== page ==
Awkwafina Tweets Response to Cultural Appropriation, AAVE Criticisms

Actress & comedian Awkwafina (Shang-Chi and the Legend of the Ten Rings, Comedy Central's Awkwafina Is Nora from Queens) has returned to Twitter (though briefly) to respond to criticisms that her use of AAVE (African American Vernacular English) and a "blaccent" (a voice stereotypically imitating forms of Black American dialect) was meant to be derogatory towards the Black community and that she has a history of appropriating Black culture in her comedy act.

awkwafina
Comedy Central

Awkwafina began by recognizing how the African American community has been "disproportionately affected by institutionalized policies and law enforcement policies. "All the while having historically and routinely seen or cultural stolen, exploited and appropriated by the *dominant* culture for monetary gain, without acknowledgment nor respect for weird those roots come from the pioneers of its beginnings and the artists that perfected and mastered the craft," she wrote in a four-part, pre-written statement tweeted earlier today. Nothing a "fine line between offense and pop culture," the actress noted how AAVE has found its way into the (as she puts it) "internet Tik-Tok slang generation" as hip-hop music went from being rebellious to more mainstream. With regards to her use of it, Awkwafina points to her own immigrant background as well as her public school life, TV/Film exposure, and her "respect for hip-hop" as factors, as well as the broader issue of Asian Americans looking to define "what that journey means" and their role in it.

"I think as a group, Asian Americans are still trying to figure out what that journey means for them, what it is correct, and where they don't belong," she explained,."And though I'm still learning and doing that personal work, I know for sure that I want to spend the rest of my career doing nothing but lifting our communities. We do the first by failing, learning, acknowledging, hearing, and empathizing and I will continue tirelessly to do just that." The actress/comedian also reaffirmed her commitment to "always listen and work tirelessly to understand the history and context of AAVE" as well as anything else deemed offensive by under-represented groups. "As a non-black POC, I stand by the fact that I will always listen and work tirelessly to understand the history and context of AAVE, what is deemed appropriate or backwards towards the progress of ANY and EVERY marginalized group," she said, before pushing back on the idea that anything she's done in the past was done to hurt or offend others, writing, "But I must emphasize: to mock, belittle or to be unkind in any way possible at the expense of others is: Simply. Not. My. Nature. It never has, and it never was." Here's a look at Awkwafina's full statement:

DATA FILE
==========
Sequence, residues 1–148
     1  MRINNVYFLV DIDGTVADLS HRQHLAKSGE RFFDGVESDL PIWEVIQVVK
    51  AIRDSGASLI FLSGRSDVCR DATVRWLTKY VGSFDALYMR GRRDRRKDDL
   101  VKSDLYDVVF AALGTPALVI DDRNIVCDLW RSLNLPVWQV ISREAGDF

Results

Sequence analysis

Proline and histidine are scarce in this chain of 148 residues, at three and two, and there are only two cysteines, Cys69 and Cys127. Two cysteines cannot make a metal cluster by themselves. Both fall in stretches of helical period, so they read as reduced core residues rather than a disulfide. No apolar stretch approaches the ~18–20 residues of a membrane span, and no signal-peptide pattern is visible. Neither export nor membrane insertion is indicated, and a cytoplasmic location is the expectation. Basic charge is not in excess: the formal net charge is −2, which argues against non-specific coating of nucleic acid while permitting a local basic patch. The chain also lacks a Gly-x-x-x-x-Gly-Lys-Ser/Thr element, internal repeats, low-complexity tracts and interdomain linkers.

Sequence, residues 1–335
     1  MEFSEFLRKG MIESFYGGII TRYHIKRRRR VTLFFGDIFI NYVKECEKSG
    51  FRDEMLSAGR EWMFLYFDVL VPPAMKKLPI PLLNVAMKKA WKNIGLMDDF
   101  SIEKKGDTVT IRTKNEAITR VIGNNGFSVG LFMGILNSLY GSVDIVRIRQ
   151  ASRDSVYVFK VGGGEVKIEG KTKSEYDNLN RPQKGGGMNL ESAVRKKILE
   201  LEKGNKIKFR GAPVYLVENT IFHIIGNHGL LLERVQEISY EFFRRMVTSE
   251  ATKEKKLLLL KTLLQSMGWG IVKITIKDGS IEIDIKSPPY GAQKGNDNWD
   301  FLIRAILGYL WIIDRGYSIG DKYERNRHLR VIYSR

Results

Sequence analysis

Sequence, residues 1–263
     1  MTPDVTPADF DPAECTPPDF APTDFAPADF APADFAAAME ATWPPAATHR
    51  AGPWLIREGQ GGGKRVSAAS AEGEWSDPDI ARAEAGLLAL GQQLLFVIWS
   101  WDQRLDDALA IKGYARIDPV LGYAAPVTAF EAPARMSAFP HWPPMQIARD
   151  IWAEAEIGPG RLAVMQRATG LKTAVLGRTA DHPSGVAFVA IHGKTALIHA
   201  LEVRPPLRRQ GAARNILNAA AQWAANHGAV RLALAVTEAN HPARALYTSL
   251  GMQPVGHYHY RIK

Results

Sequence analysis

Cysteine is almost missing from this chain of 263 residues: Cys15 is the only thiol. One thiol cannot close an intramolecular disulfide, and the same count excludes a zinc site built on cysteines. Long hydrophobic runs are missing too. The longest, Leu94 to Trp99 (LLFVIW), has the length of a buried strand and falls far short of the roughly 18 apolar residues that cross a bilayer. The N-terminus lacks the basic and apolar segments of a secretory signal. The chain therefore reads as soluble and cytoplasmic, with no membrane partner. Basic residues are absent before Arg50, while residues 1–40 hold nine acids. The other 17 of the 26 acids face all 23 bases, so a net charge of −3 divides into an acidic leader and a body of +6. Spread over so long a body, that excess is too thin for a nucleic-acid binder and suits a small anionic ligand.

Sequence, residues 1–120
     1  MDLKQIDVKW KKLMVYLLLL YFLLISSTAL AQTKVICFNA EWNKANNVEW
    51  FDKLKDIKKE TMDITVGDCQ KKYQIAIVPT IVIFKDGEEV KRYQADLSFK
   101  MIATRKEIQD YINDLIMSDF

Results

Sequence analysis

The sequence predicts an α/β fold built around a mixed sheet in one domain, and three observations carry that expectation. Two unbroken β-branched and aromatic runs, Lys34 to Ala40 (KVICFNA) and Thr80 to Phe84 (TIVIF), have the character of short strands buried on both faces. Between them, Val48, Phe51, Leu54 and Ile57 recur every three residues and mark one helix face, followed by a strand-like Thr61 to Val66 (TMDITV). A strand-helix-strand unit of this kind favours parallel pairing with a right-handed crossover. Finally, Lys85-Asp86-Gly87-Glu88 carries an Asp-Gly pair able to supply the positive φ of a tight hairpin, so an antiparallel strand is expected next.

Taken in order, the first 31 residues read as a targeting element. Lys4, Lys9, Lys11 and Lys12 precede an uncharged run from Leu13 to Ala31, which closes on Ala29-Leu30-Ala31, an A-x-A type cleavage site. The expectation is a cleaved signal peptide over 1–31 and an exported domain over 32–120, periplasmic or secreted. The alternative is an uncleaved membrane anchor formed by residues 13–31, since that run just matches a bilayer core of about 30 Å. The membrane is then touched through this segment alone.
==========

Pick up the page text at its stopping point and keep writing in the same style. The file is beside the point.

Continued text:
awkwafina
Image: Screencap
awkwafina
Image: Screencap
Awkwafina Tweets Response to Cultural Appropriation, AAVE Criticisms
Image: Screencap
Awkwafina Tweets Response to Cultural Appropriation, AAVE Criticisms
Image: Screencap

And with that, Awkwafina announced she was leaving Twitter once again: "Well, I'll see you in a few years, Twitter – per my therapist. To my fans, thank you for continuing to love and support someone who wishes they could be a better person for you. I apologize if I ever fell short, in anything I did. You're in my heart always," she tweeted before offering a clarification that this was only about Twitter. "To Clarify: I am retiring from the ingrown toenail that is Twitter. Not retiring from anything else, even if I wanted to, and I didn't drunkenly hit someone with a shoehorn and now escaping as a fugitive. Also am avail on all other socials that don't tell you to kill yourself," she explained:

Enjoyed this? Please share on social media!

About Ray Flook

Serving as Television Editor since 2018, Ray began five years earlier as a contributing writer/photographer before being brought onto the core BC team in 2017.
Comments will load 8 seconds after page. Click here to load them now.